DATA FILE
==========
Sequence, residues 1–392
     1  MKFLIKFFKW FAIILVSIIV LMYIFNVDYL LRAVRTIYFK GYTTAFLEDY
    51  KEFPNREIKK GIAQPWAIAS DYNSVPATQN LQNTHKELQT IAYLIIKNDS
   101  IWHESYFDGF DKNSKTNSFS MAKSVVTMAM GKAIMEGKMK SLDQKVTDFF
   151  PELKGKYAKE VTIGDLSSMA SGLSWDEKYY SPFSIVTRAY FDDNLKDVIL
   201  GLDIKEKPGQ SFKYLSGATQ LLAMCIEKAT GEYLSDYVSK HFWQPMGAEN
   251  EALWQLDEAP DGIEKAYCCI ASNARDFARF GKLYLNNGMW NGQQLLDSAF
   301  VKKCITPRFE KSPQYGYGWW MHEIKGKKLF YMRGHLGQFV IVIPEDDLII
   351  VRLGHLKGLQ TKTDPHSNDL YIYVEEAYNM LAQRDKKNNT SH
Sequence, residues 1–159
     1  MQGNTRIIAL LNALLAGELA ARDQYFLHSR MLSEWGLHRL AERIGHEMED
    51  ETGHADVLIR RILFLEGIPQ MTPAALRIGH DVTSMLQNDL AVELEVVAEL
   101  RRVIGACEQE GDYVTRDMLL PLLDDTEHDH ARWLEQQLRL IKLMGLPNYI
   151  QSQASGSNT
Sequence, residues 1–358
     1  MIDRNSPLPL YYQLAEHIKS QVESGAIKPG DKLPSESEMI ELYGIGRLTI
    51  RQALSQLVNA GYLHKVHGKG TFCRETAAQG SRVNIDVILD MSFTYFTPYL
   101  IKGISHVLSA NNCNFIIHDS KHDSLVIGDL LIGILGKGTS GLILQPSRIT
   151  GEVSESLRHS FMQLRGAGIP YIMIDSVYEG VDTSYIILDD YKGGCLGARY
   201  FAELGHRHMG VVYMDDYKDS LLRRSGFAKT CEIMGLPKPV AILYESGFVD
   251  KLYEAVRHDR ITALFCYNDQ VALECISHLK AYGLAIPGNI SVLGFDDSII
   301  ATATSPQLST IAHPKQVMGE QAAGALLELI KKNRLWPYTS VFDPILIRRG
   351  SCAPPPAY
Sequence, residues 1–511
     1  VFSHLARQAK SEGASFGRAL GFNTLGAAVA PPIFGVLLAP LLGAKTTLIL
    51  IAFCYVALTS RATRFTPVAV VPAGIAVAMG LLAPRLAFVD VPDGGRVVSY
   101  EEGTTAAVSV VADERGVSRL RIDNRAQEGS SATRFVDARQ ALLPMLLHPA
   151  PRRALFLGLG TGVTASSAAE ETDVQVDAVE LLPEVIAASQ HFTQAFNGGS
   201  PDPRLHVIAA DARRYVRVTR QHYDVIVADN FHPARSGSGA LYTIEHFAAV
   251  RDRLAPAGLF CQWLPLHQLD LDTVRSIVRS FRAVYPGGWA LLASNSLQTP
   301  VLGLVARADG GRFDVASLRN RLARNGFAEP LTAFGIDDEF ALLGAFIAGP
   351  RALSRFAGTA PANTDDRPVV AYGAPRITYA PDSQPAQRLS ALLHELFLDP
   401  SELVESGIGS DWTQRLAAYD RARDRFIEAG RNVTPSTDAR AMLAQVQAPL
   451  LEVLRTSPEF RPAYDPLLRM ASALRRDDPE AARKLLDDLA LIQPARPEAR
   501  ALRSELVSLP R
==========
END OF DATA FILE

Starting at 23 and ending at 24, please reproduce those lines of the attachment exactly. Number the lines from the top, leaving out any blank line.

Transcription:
   351  SCAPPPAY
Sequence, residues 1–511